According to Greenberg, (2009) engagement in physical activities is a crucial lifestyle factor that has been examined in terms of psychological health benefits. Many studies have shown a positive relationship between physical activities and reduction in symptoms of depression. The meta-analytic review stipulates that whatever forms of physical activity one is involved in, there is a resultant fundamental improvement in the outcomes of depression (Fox & K, 2004). Likewise, the cessation of smoking not only has physical benefits but also psychological gains (Fiore, United States, & Centers for Disease Control and Prevention (U.S.), 2006). Smoking is more prevalent among psychiatric persons, and positive results are associated with increased cessation rates (West & Shiffman, 2007). The interventions targeting the aspects of mood disorders and smoking characters within such populations are very effective. Besides, the association between alcohol and depression is a two-way relationship where alcohol predicts depression and vice versa. Irrespective of the causality, alcohol intervention exemplifies an impact on depression as well as the quality of life (QOL).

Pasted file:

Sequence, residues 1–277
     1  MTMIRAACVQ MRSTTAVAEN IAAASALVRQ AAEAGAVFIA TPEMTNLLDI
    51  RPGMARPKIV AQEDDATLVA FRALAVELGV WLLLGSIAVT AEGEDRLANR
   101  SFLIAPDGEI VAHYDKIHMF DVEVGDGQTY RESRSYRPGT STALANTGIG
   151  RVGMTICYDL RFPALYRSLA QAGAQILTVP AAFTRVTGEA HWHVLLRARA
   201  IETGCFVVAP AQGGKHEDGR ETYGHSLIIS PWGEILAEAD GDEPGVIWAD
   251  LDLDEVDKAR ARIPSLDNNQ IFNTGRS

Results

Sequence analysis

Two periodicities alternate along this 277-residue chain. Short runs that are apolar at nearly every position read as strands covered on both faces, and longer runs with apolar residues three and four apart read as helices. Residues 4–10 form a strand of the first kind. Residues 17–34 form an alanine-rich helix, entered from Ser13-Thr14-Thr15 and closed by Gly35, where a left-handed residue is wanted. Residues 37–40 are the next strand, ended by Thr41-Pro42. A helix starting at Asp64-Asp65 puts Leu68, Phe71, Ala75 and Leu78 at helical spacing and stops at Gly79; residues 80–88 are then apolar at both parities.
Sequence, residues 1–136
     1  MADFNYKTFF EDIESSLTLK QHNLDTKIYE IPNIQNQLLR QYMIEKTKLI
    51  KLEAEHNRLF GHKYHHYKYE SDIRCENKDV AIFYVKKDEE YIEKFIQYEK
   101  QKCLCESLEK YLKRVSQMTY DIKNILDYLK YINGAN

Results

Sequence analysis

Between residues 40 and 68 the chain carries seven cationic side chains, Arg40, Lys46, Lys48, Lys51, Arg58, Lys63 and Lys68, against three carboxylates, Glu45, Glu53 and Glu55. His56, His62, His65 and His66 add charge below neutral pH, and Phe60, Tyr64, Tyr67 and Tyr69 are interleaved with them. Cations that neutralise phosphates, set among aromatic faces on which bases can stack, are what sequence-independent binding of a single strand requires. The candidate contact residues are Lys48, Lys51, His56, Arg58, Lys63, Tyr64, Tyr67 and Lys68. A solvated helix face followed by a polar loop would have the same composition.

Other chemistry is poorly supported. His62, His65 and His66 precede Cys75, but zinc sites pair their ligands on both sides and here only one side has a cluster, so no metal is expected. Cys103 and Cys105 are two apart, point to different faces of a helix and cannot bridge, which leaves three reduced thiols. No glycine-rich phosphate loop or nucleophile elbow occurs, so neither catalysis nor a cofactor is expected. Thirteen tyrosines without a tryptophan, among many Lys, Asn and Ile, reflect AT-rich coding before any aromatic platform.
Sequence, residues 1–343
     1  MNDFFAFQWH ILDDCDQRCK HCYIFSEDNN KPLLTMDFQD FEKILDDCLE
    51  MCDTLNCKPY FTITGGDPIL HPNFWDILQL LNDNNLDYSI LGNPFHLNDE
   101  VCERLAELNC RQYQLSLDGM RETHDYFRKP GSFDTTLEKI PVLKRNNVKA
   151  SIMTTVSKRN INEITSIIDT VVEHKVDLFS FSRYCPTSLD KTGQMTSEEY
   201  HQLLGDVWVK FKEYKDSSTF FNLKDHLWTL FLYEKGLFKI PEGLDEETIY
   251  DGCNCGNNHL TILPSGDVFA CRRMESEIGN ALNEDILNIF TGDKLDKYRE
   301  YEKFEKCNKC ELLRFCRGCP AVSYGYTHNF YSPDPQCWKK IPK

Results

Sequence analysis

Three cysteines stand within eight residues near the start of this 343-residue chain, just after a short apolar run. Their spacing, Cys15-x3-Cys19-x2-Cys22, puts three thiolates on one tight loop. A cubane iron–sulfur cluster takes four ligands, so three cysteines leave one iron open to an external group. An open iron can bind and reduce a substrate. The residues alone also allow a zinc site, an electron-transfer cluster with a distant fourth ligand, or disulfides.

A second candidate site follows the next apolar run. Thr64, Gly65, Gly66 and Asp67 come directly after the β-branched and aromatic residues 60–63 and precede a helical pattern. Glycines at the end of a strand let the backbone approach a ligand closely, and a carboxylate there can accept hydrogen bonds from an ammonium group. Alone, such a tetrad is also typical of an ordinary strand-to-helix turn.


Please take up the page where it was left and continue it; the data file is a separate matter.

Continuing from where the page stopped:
Historically, cognitive behavioral therapy (CBT) was developed in the 1950s by Aaron Beck and soon it became a formalized form of treatment (Beck, Carlson, Governors State University, & American Psychological Association, 2006). Originally, it focused on different styles of conscious thinking as well as reasoning among the depressed persons, and Beck posited it as resultant from the operations of cognitive beliefs. The cognitive model according to Blecke & Renfrow (2006) constitutes an outline describing how and when depression causes the affected persons to focus negatively on themselves, the world around, and the future plans (Russ & Ollendick, 2007).